Cole and his co-author Peter Signer’s novel Ghost Fleet addresses the rise of China – the book starts a conversation in an engaging way that captured the authors’ imagination. The writing process caused the authors to confront some uncomfortable truths. The American way of war, he said, is predicated on technical superiority that isn’t necessarily in line with our evolving reality. The reliance on tech creates a vulnerability, and through the lens of great power competition, we should be thinking about the difference between our assumptions about conflict and how conflict will actually be. One must challenge their assumptions, and resist the urge to fall in love with their own investments.
Information as a Commodity and Vulnerability
As a policy analyst and social scientist, Dr. Turner-Lee looks to understand behaviors that are overlaid with technology – she has focused on what we need to do to create equitable access to technology. Tech, she explained, is changing the nature of human behavior and increasing vulnerabilities. We must consider, she said, how we are contributing to the evolution of the tech ecosystem from the realm of consumption to an entity that effects the fabric of national security. What we understand as being “simple” actually isn’t, and what started as a privacy discussion has evolved into a security issue. When considering social media, Dr. Turner-Lee went on, it is interesting to see how 140 characters can become the catalyst for campaigns that threaten national security.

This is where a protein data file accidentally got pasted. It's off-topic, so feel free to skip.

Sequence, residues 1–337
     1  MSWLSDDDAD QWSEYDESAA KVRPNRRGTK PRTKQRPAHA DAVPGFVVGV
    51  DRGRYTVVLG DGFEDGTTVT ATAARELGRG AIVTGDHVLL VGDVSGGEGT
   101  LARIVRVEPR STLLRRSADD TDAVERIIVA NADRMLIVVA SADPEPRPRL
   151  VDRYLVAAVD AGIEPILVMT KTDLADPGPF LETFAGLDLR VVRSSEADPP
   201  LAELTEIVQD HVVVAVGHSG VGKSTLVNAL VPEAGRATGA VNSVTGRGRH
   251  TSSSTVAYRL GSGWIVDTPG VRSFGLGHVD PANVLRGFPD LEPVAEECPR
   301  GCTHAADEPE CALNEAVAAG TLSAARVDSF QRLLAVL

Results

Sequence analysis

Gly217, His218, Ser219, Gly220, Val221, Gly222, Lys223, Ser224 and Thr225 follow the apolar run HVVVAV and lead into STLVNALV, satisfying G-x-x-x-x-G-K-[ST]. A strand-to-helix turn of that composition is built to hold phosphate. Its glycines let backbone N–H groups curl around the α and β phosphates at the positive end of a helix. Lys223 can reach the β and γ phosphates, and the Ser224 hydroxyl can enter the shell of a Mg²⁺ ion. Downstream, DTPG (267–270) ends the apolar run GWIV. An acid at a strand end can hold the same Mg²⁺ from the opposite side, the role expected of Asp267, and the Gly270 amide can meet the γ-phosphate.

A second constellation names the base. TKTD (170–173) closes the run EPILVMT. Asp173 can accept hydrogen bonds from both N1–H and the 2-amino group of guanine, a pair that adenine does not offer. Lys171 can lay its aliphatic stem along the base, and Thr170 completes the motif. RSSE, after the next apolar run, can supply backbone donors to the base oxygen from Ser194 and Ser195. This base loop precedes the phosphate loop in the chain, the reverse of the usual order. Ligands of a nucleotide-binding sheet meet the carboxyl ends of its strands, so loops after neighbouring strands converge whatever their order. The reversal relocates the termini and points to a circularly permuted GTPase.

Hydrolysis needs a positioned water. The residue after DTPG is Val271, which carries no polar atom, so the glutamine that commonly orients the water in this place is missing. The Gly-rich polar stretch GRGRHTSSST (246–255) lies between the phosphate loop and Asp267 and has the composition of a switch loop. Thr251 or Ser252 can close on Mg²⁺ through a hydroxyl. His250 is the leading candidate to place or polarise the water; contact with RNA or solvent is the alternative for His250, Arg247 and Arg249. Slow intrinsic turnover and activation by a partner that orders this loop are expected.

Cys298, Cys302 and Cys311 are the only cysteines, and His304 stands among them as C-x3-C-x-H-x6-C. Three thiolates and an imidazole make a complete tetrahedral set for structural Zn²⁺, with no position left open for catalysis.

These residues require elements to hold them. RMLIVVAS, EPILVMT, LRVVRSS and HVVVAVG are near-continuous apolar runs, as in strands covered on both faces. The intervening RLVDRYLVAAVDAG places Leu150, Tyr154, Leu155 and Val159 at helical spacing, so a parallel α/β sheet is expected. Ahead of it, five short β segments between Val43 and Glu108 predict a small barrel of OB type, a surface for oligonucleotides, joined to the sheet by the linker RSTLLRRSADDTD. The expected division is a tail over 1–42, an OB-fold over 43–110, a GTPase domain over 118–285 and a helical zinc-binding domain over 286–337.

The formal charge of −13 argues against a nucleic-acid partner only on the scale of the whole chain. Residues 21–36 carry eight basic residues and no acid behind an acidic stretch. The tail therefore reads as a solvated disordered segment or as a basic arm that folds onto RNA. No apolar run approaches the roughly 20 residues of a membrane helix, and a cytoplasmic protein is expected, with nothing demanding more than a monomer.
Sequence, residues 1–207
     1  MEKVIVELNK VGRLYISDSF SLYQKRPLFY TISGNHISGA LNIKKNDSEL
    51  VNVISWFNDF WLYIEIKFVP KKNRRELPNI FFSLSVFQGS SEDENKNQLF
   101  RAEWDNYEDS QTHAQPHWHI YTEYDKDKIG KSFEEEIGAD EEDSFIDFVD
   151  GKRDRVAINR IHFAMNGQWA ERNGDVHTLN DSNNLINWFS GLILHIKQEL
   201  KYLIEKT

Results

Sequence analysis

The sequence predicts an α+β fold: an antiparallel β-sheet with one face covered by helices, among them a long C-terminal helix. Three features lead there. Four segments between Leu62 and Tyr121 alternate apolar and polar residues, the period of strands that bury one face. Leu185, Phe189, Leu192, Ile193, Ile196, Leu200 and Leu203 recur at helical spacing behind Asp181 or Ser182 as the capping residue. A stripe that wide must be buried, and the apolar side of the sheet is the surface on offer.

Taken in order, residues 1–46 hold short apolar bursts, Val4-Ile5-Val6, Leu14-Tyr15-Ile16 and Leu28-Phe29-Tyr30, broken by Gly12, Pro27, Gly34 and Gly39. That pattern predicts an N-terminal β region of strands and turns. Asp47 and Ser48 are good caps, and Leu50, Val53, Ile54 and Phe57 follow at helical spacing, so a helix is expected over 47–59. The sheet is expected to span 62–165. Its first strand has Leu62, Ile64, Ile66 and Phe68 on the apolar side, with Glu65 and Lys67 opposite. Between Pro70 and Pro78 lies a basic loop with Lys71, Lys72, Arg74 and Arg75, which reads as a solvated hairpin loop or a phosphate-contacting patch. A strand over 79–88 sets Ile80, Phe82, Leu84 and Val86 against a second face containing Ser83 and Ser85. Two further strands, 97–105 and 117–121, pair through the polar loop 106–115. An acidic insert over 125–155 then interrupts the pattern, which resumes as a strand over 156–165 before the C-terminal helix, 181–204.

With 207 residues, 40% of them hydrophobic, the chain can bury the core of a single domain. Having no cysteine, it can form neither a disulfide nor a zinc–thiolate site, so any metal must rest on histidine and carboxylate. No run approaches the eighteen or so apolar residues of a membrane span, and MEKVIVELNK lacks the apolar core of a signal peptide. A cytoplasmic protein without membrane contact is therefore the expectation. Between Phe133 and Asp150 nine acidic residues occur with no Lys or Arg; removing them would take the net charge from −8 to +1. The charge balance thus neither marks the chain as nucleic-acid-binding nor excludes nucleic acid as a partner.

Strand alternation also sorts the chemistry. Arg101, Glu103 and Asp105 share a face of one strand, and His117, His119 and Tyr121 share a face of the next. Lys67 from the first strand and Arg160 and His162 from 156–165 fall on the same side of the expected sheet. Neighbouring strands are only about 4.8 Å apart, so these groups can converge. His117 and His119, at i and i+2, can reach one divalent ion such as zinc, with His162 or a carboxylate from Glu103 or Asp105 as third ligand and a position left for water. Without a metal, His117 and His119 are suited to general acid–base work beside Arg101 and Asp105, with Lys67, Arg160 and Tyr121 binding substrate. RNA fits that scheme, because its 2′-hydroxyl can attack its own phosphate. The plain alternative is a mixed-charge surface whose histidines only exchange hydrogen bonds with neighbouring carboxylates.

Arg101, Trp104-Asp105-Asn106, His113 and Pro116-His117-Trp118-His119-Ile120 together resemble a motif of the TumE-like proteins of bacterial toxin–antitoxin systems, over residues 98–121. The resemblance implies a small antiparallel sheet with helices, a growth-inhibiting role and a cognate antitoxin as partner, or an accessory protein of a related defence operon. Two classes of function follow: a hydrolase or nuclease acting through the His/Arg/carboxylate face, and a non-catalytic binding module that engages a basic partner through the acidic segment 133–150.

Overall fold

Dr. Turner-Lee mentioned the concept of pushback from technology companies against government requests for information and policies that need to be engaged to address this. There is a role, she explained, for the military to identifies vulnerabilities, while companies are appointing chief privacy officers and innovation officers, while lastly, the research community needs people to understand how information has become a commodity. As researchers, she explained, she and her colleagues are trying to find vulnerability and understand the impact on our national economy by looking at the nature of human behavior prescribing the right policies to ensure threats are minimized.